This is by no means a complete, definitive, exhaustive treatise but a useful start. These are the sort of things I show new coxes and bow steers in the light of about 500 outings I have coxed on the Tideway's Championship Course, between 2001 and 2012.

Obviously in a Tour we emphasise the PLA steering rules and appropriate landmarks throughout.  This is best done normally on mid to lower half of ebb tide e.g. H + 4 hrs.

Safety context

I have been coxing on London's Tideway for about 8 years.  During that time there have been some 400,000 outings from over 20 clubs on the Tideway.  I have heard of about 90 sinkings in that time, half due to collision and half due to bad weather.  I have done over 500 outings myself in which I have damaged a boat badly on a rock once, run aground about 6 times, had one major collision, been worried about sinking 4 times and almost sunk once.  Thus, dangerous incidents are not very common but more likely than on, say, the Cam or Upper Thames. There is up to 20 ft tide and stream of up to six knots.

A major concern is "wind over tide".  If a strong wind opposes a strong tide, waves build up in parts of the river that can swamp a boat.  2006 Boat Race is an example, 2007 Men’s HoR another.  I always brief a crew in bad weather to alert me to water entering the boat, in case I have not seen it.  I consider where to beach and am prepared to ask people to jump out if necessary, then step carefully on the river bed lest they tread on a jagged rock or broken glass etc..  If landing with a swamped boat, do not try to lift it full.  Walk it out again into the river and turn it over first to empty it.  It willbe much easier!

In rough weather always be ready to abandon an outing, especially if not ideally equipped.  I was once nagged by a men's crew to cox them in a women's boat on a windy day and I refused. 20 minutes later the Fire Brigade boat came by at speed, almost swamping a passing four.  It would have sunk us and the chaps were duly apologetic.

Just a thought about big wash from launches or cruisers. Our captain recently demonstrated a textbook safety trick by asking all the crew on the side nearer the incoming wave to lift their blade handles, tipping the boat away to avoid being swamped.  If close inshore, be aware this may wash a boat towards grounding too.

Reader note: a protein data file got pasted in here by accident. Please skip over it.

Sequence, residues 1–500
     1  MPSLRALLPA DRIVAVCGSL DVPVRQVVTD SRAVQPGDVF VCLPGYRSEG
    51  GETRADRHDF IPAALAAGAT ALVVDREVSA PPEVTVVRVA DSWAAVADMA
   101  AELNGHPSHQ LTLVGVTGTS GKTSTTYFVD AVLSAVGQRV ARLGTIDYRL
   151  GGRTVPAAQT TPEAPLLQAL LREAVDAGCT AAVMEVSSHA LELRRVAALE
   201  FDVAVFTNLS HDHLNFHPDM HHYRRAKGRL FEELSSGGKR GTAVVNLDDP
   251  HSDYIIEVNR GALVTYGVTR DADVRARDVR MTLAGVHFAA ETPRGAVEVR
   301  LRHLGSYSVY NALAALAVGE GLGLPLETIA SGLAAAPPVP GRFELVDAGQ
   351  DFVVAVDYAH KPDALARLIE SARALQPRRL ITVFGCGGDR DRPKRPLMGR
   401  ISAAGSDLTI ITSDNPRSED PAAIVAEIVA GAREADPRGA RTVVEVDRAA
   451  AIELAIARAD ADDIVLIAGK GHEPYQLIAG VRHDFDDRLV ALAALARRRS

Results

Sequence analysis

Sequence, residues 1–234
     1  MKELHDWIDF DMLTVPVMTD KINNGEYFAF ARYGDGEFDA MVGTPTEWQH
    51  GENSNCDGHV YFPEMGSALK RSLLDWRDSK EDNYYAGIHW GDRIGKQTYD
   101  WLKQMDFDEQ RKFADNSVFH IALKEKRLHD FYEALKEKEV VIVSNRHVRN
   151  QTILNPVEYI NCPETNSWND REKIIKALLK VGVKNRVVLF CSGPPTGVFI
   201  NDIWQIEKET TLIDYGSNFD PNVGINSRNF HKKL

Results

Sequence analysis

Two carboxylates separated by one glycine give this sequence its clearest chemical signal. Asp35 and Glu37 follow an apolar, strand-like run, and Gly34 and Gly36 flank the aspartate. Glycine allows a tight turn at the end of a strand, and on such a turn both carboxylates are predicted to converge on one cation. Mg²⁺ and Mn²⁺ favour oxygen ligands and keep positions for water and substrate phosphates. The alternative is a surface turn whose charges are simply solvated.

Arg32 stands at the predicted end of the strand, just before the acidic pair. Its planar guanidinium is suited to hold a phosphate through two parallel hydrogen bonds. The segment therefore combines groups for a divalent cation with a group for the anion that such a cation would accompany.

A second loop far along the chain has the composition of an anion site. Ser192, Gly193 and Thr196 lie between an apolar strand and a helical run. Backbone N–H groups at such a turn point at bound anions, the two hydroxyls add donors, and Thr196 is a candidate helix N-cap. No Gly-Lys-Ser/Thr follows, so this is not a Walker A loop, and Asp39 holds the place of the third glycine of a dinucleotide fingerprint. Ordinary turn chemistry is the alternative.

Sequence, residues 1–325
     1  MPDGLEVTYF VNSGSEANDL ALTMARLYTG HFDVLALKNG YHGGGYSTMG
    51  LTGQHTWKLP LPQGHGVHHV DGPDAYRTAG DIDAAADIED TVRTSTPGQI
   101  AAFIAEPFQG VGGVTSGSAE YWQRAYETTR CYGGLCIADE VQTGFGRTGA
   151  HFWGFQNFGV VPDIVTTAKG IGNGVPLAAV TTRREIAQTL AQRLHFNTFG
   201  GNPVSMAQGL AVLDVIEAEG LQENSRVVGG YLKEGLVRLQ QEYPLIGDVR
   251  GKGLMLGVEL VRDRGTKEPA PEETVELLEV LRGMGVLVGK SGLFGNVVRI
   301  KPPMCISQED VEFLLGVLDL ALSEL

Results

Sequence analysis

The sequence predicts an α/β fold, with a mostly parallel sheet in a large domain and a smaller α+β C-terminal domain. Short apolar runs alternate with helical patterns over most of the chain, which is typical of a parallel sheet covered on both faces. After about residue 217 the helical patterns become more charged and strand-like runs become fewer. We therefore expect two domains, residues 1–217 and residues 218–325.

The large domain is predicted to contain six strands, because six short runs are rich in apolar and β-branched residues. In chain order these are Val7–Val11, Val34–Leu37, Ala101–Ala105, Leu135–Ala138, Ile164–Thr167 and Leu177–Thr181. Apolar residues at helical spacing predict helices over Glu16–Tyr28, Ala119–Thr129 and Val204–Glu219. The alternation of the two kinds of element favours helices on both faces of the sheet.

Features in order from leaving Putney 

(Assumes going up river first on an ebb tide but first I insert a good point from a fellow Son, Jan Madakbas.  When turning between the line of boats and Putney Pier into or outof Putney, always aim for the up-tide side of the gap.  The stream is often strong and it can require some effort from a crew to pull away from the other side against the tide.  Sons being half way up the Championship Course, we don't go down to Putney so often.

Touring up past boathouses note spits on Surrey, especially near Beverley Brook and quite varied shoreline.  Note fairly frequent rocks.  Discuss red buoys and recognising high tide turning line of water on wall.  Tide turning zone from flood to ebb runs up river at about the speed of an outing, beware crews in wrong direction at these times.

Note that if water level is still on bricked walls, little danger of grounding etc., as the reinforced part is a steeper bank, but beware overhanging trees.  Once the tideline is on mud and shingle, generally there are few "small" hazards on Surrey until crossing point at Chiswick Steps but note the type of rocks and twigs etc. and be aware of how far down the shore is sloping at 15 degrees or so,  It flattens much lower down.  On Surrey it is possible to ground blades and hull together, harder on Middx up river from Dove Pier.

Note the very shallow water near Middx and Fulham Flats but do not think of beaching there at anything above moderate tide as one may not climb the wall. (Note usual right hand steering rule for all but race days below Putney Bridge.)